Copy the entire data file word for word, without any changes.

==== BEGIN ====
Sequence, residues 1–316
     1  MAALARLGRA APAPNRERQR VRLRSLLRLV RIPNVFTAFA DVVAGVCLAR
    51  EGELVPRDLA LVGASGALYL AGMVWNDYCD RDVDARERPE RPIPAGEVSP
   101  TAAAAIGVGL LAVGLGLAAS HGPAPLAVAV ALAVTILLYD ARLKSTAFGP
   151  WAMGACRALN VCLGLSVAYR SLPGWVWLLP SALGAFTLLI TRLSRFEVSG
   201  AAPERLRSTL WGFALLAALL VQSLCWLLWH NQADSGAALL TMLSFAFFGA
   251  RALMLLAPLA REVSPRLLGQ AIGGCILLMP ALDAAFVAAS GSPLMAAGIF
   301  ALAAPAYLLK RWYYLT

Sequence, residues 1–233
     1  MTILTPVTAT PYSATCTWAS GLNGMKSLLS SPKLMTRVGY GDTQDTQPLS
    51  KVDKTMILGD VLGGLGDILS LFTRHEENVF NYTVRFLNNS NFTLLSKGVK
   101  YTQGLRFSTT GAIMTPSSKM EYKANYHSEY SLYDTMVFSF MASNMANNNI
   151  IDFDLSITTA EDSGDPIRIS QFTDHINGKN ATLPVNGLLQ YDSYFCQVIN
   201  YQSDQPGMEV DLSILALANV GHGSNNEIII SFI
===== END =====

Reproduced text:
Sequence, residues 1–316
     1  MAALARLGRA APAPNRERQR VRLRSLLRLV RIPNVFTAFA DVVAGVCLAR
    51  EGELVPRDLA LVGASGALYL AGMVWNDYCD RDVDARERPE RPIPAGEVSP
   101  TAAAAIGVGL LAVGLGLAAS HGPAPLAVAV ALAVTILLYD ARLKSTAFGP
   151  WAMGACRALN VCLGLSVAYR SLPGWVWLLP SALGAFTLLI TRLSRFEVSG
   201  AAPERLRSTL WGFALLAALL VQSLCWLLWH NQADSGAALL TMLSFAFFGA
   251  RALMLLAPLA REVSPRLLGQ AIGGCILLMP ALDAAFVAAS GSPLMAAGIF
   301  ALAAPAYLLK RWYYLT

Sequence, residues 1–233
     1  MTILTPVTAT PYSATCTWAS GLNGMKSLLS SPKLMTRVGY GDTQDTQPLS
    51  KVDKTMILGD VLGGLGDILS LFTRHEENVF NYTVRFLNNS NFTLLSKGVK
   101  YTQGLRFSTT GAIMTPSSKM EYKANYHSEY SLYDTMVFSF MASNMANNNI
   151  IDFDLSITTA EDSGDPIRIS QFTDHINGKN ATLPVNGLLQ YDSYFCQVIN
   201  YQSDQPGMEV DLSILALANV GHGSNNEIII SFI